Luma does virtually the same thing as RGB, except that it primarily affects exposure instead of color.
However, when you’re adjusting skin tone, you’ll work with the curves for individual color channels.
The values on the Tone Curve graph’s horizontal axis correspond to the values on its vertical axis. If we take for example the central point of the curve, it has the graph coordinates of x = 128 and y = 128. So you can use the curve to change a picture’s brightness and color values. If you move the RGB value of the curve’s central point upwards, you’re assigning a higher value to areas of the picture that have a brightness of 128. This brightens the picture.
You’ll be working similarly with the curves for color channels. Working this way you can e.g. add more green to areas with a certain amount of green. Or instead take green away, through which you add more violet to the picture, as this is the complementary color of green.
After increasing the value for the green channel, we’ve gotten rid of the blue skin tone on the one hand, but on the other hand now the RGB values have gotten so close to each other that the skin is starting to look gray.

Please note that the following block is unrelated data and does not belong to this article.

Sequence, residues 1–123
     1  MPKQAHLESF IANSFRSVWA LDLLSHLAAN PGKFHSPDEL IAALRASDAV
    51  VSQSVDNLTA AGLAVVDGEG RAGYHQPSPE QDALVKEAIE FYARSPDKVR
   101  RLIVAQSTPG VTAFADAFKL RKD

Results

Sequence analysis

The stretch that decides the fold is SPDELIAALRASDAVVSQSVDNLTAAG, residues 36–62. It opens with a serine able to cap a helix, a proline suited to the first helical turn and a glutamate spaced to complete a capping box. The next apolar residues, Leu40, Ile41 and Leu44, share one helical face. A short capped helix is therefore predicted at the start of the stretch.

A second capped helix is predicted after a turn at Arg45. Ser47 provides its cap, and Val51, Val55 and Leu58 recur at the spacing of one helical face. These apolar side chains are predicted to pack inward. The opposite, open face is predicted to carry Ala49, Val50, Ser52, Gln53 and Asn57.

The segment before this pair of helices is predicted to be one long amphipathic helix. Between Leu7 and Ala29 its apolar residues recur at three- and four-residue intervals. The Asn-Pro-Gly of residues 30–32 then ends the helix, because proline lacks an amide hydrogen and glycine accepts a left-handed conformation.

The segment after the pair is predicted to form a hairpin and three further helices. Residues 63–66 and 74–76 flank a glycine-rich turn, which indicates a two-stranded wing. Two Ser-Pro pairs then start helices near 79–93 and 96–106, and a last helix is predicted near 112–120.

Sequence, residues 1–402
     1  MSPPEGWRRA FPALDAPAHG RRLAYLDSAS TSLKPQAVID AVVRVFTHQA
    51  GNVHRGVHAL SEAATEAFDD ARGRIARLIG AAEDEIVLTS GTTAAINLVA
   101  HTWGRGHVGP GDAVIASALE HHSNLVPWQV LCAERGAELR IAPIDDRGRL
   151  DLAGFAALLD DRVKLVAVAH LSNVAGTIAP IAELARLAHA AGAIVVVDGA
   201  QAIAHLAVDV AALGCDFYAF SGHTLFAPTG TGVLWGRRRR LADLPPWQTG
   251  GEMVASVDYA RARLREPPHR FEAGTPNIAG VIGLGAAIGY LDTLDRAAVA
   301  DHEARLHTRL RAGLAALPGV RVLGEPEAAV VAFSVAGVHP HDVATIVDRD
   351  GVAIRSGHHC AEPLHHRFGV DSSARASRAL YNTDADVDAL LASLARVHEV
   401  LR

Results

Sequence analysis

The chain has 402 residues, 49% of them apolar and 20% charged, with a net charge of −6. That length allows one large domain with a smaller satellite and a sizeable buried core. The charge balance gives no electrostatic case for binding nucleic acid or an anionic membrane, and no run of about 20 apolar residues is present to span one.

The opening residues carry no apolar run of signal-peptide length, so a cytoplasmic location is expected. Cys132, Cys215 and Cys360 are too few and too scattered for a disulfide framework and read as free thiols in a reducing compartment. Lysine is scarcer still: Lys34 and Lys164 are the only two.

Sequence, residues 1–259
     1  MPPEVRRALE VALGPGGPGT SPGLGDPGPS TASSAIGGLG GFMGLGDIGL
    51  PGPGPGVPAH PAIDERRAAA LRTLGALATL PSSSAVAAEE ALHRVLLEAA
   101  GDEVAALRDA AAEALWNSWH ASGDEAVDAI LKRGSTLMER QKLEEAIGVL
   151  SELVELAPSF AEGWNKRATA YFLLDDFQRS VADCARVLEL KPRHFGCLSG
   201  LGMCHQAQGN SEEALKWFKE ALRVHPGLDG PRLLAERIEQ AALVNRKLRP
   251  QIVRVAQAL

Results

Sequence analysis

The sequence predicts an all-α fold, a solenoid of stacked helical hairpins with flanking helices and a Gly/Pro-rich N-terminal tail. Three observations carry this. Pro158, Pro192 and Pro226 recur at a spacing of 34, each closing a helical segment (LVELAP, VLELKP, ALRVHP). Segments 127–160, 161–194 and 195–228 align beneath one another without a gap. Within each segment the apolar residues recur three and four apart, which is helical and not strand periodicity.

So this approach is not exactly the most appropriate. So lets take a look at how the edit with reducing the blue channel turns out.
Lowering the blue-channel value has removed the blue tint from the photo; the subject’s skin now looks saturated and healthy.
Learn Complementary Colors
Photos may not always be shifted only towards red, green, or blue. So for work with the curve it’s also good to know the complementary colors for each of the RGB color channels.
The complementary color space for RGB is the “CMY” color space, which Cyan, Magenta, and (Yellow. In this auxiliary model, cyan complements red, magenta complements green, and yellow complements blue. So if an image contains a shift e.g. towards yellow, increasing the value for the blue channel will serve to fix it.
General Principles for Editing Skin Tone
Always observe several general principles in your edits:
- Every person perceives colors differently. The RGB values given in the article should be taken more as a rough guideline; don’t be afraid to adjust the settings as per your own taste. Naturally you ideally want to be working at a color-calibrated monitor.
- Assess skin tones at place with average exposure; avoid parts of the skin that are in shadow or place where the skin is shiny.
- Under all circumstances, red is always the most strongly present in skin, and blue the least!
- The value for the red channel is most often in the range from 180 to 230. It should not go above 240 or drop below 105.
- The value for the blue channel generally ranges from 80 to 200.
- Even small changes to the curve have a large impact on the overall feel of a picture’s colors. So be careful and work in small steps.
Comparison of the sample photo before and after our edits:
And now that you know how to correct an unhealthy skin tone, download Zoner Photo Studio X for a 7-day free trial and try out the adjustments on your own photos.